Andrew Pak, 47, belongs to three different fantasy football leagues. He also rounds out the year by playing fantasy baseball and basketball.
"In Hawai'i we don't have a hometown (NFL) team to root for," says Pak, a mathematics professor at Kapi'olani Community College. "Fantasy sports make it more interesting, because you can root for your players."
Pak says he's not fanatical about tracking statistics or researching individual match-ups. The fun, for him, comes from interacting with his fellow players.
Pak, a longtime sports card collector, participates in one online league with a group of fellow collectors. One is from Taiwan, another from Seattle, a couple more from the East Coast.
"There are 10 of us, and I've only actually met six in person," Pak says. "Still, we're all friends. For me, fantasy sports is more about interacting with other people."
Pak says that while fantasy football can heighten one's overall awareness of the game — "you get a better feel for who the better players are on less publicized teams," he says — the emphasis on individual statistical performances can shift the focus from the forest to the trees.
"You find yourself watching a game where your team is up by 20 in the third quarter; when they take out your quarterback you going, 'Awww!' " Pak says, laughing. "It sort of gives you a distorted view of the game."
ALL IN FUN
Kawika Hasegawa, 43, has been playing fantasy football on and off (mostly on) for the last eight years. Like Pak, he'll spend this season juggling three different fantasy league teams.
Over the years, Hasegawa has gleaned lessons from experiences in several different league configurations. He's asserted self-determination with live drafts and surrendered to predestination with online leagues that make selections for you. He's second-guessed himself to death by reading too many magazines and rebounded from wobbly beginnings with savvy second-half acquisitions.
"The first year I played I didn't know there were so many rounds," he says, laughing. "I only had 30 or 40 players on my list. After three rounds, I was dangling."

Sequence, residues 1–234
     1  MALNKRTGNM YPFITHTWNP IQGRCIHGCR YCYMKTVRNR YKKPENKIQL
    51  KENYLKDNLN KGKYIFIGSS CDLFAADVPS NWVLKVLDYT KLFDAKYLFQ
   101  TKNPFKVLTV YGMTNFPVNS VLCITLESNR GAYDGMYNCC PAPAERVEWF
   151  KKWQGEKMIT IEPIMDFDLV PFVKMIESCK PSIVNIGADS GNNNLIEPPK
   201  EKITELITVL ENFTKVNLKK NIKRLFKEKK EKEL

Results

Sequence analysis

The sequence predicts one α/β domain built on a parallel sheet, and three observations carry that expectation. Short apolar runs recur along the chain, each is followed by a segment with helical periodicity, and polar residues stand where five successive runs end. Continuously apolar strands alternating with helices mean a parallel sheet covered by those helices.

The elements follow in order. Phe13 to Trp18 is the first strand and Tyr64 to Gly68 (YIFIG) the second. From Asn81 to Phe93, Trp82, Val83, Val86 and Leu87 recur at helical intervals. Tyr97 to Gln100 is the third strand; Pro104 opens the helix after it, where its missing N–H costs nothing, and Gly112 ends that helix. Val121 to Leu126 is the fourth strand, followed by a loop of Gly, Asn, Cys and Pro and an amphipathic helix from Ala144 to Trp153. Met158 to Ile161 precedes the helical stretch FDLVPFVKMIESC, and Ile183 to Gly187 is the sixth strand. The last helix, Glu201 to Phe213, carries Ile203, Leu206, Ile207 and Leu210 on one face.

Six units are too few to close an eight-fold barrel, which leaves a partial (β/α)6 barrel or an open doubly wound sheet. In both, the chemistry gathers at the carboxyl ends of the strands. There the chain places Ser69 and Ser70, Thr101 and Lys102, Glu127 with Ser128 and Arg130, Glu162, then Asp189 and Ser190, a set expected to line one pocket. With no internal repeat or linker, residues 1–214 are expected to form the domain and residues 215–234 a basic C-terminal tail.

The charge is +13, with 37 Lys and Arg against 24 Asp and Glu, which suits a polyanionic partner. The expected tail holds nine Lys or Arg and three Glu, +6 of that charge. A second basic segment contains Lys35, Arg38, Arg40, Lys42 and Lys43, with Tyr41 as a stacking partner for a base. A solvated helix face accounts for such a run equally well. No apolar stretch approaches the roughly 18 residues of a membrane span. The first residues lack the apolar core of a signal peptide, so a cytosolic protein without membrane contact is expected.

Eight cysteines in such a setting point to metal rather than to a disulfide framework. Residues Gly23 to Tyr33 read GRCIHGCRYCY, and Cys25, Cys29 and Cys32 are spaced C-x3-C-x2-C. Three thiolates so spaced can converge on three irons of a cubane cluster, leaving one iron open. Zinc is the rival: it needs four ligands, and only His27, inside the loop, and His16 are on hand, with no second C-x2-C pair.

Hasegawa says he prefers live drafts because they give owner's a chance "to show their prowess."
"You get an opportunity to out-think and out-maneuver the other players," he says. "Sometimes the draft is what sets you apart."
Hasegawa is also a diligent researcher. Each week he evaluates how his players are performing, looks for trends, and tries to identify variables that could affect the way the real-life games are played.
Yet, while Hasegawa would love to see his Vegas Viceroys knock the snot out of the rest of the league, he says he is always mindful of the real reason he plays.
"It's all in fun," Hasegawa says. "Nobody is betting the house. We take everything with a grain of salt. It's a game, and that's all it is."
To that end, Hasegawa says he doesn't make side bets on the weekly games ("You don't want to ruin the friendships by making it all about money," he says) and he makes sure the trash talking never crosses the line.
Hasegawa and his league buddies get together a few times a season to hang out, watch games, talk football and share some food. That, he says, is an end to itself.
"It's like tailgating at UH football games," he says. "You're just having fun with your friends and meeting new people. You want to win, but if not, there's always next season."
Fantasy football gear: Magazines, Internet research and charts to organize your dream draft.
Reach Michael Tsai at email@example.com.